You may be doing something very well and suddenly, out of nowhere, something new comes up and changes everything, such are the terms used by Doctor Thornburg in the video where he described Disruptive Technologies as wild cards, forces that change everything unexpectedly. He further describes such technologies as having the same functionality as an existing technology but “functions more efficiently, and then obsoletes that technology” (Laureate Education, 2014a). To illustrate, the author offered the transistor that “replaced the vacuum tube”, “Light-emitting diode and liquid crystal technology” which is “replacing the CRT”, and “CDs and Internet audio “ that “replaced live bands”. Doctor Thornburg concluded the video by warning that “New technologies are always susceptible to unanticipated “wild card” disruptive technologies”. The concept of disruptive innovation was first introduced by Harvard professor Clayton M. Christensen as “The phenomenon by which an innovation transforms an existing market or sector by introducing simplicity, convenience, accessibility, and affordability where complication and high cost are the status quo. Initially, a disruptive innovation is formed in a niche market that may appear unattractive or inconsequential to industry incumbents, but eventually the new product or idea completely redefines the industry. (Retrieved from http://www.christenseninstitute.org/key-concepts/disruptive-innovation-2/ ).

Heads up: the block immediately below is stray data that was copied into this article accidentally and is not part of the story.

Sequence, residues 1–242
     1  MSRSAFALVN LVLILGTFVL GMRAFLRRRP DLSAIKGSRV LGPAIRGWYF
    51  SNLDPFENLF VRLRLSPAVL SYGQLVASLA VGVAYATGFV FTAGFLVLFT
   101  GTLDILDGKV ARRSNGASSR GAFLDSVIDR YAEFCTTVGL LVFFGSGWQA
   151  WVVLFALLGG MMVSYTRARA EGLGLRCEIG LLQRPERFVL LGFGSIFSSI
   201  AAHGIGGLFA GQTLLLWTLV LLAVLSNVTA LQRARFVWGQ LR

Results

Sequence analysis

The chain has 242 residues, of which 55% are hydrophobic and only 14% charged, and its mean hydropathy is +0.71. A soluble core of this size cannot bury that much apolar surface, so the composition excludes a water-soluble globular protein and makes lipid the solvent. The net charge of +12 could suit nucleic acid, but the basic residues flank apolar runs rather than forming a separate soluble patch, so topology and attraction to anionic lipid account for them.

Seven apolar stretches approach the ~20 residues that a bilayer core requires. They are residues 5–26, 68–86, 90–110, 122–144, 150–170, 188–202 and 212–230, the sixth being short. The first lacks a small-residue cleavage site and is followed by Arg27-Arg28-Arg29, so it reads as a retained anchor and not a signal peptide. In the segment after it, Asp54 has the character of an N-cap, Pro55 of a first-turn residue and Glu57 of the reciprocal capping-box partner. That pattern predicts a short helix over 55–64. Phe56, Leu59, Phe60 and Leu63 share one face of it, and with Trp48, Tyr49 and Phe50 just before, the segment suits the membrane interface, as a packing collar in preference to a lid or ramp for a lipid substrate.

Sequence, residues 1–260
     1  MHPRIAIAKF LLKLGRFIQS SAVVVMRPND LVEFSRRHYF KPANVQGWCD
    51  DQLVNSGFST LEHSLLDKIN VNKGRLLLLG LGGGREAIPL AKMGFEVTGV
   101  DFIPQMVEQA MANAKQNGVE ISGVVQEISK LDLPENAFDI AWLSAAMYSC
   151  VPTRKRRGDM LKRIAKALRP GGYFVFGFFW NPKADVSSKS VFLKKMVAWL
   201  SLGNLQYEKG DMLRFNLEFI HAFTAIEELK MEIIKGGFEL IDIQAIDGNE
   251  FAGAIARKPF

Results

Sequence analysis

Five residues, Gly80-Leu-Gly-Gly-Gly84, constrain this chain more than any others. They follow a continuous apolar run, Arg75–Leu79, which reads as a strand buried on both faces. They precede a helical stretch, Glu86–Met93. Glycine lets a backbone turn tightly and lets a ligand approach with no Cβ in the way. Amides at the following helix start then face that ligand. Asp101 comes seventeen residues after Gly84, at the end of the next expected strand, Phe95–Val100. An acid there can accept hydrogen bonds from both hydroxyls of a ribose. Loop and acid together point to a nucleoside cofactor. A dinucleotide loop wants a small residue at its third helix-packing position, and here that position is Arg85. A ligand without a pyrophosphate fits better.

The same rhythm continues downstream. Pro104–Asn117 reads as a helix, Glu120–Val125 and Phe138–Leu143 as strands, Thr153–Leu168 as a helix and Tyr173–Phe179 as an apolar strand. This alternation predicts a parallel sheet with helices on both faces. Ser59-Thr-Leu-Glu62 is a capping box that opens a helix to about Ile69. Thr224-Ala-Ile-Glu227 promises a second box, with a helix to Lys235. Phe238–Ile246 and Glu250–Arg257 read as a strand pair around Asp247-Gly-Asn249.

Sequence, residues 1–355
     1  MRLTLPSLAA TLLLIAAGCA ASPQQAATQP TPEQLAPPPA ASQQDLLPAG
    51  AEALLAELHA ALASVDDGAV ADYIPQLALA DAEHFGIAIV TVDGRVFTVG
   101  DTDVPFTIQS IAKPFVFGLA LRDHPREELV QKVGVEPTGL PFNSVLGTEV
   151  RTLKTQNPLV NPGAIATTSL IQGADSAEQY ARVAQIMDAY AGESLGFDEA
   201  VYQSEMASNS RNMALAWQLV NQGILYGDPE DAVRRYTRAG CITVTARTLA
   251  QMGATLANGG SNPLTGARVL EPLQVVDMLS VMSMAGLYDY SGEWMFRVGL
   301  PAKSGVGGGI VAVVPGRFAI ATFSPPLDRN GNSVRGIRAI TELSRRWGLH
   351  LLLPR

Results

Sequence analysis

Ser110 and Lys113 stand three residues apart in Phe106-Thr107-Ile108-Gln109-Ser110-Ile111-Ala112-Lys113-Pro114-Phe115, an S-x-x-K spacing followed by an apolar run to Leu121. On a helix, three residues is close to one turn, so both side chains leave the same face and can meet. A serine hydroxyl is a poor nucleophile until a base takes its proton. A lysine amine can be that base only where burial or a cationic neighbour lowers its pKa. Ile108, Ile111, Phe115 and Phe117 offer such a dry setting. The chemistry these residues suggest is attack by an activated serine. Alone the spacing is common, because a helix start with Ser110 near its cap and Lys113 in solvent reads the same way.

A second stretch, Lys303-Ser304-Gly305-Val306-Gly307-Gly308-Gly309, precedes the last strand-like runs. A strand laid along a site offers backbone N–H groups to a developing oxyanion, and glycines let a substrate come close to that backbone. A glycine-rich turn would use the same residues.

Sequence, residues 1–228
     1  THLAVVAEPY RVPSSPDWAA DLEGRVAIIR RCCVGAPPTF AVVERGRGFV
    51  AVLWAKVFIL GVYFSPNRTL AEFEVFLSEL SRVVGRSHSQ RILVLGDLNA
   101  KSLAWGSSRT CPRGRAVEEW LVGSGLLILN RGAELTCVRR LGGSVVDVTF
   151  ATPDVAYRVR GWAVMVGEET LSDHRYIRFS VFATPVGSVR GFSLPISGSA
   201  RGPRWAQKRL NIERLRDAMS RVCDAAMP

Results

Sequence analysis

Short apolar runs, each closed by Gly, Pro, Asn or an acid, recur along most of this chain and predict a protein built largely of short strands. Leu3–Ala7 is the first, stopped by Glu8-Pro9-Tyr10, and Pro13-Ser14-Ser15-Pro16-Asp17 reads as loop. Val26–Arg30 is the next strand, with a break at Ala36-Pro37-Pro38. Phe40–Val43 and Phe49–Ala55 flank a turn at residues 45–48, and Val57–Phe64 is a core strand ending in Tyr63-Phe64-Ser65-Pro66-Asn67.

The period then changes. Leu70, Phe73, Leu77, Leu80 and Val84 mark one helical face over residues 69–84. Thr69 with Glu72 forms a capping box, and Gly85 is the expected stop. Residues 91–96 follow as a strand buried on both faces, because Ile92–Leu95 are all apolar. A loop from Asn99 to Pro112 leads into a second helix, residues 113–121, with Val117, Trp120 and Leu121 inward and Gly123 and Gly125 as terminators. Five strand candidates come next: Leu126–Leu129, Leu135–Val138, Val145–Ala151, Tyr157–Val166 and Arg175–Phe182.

It is from this awareness, in the context of the very nature of disruptive technologies; this blog will focus on Google Glass. First, I will introduce Google Glass and some of the many applications so far attributed to it. Second, I will expose its nature and actual potentials as a disruptive technology. Third I will assess the impact of this technology in the context other technologies it is likely to displace or render obsolete. Fourth, this blog will look into some of the possible social implications of Google Glass in Education and Training. Fifth and last, I speculate on Google Glass life expectancy before another disruptive technology moves in to replace it.
What is Google Glass?